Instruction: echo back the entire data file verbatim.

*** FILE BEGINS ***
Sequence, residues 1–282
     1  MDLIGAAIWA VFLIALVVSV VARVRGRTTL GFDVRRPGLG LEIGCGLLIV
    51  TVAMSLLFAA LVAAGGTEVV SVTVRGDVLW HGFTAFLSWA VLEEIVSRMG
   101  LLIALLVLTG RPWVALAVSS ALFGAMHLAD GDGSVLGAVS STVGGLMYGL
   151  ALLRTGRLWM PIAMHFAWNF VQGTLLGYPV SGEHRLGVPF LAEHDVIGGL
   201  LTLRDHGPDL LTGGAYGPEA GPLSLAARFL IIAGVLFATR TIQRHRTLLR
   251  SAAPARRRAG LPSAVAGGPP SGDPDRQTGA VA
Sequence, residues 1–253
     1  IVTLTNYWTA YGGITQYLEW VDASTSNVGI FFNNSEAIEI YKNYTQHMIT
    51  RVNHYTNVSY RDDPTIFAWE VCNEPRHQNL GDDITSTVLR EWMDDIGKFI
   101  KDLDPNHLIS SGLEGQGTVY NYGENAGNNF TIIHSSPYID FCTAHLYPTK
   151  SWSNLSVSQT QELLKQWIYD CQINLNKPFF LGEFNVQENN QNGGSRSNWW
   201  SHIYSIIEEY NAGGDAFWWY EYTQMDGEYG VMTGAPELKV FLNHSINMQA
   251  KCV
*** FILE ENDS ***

Sequence, residues 1–282
     1  MDLIGAAIWA VFLIALVVSV VARVRGRTTL GFDVRRPGLG LEIGCGLLIV
    51  TVAMSLLFAA LVAAGGTEVV SVTVRGDVLW HGFTAFLSWA VLEEIVSRMG
   101  LLIALLVLTG RPWVALAVSS ALFGAMHLAD GDGSVLGAVS STVGGLMYGL
   151  ALLRTGRLWM PIAMHFAWNF VQGTLLGYPV SGEHRLGVPF LAEHDVIGGL
   201  LTLRDHGPDL LTGGAYGPEA GPLSLAARFL IIAGVLFATR TIQRHRTLLR
   251  SAAPARRRAG LPSAVAGGPP SGDPDRQTGA VA
Sequence, residues 1–253
     1  IVTLTNYWTA YGGITQYLEW VDASTSNVGI FFNNSEAIEI YKNYTQHMIT
    51  RVNHYTNVSY RDDPTIFAWE VCNEPRHQNL GDDITSTVLR EWMDDIGKFI
   101  KDLDPNHLIS SGLEGQGTVY NYGENAGNNF TIIHSSPYID FCTAHLYPTK
   151  SWSNLSVSQT QELLKQWIYD CQINLNKPFF LGEFNVQENN QNGGSRSNWW
   201  SHIYSIIEEY NAGGDAFWWY EYTQMDGEYG VMTGAPELKV FLNHSINMQA
   251  KCV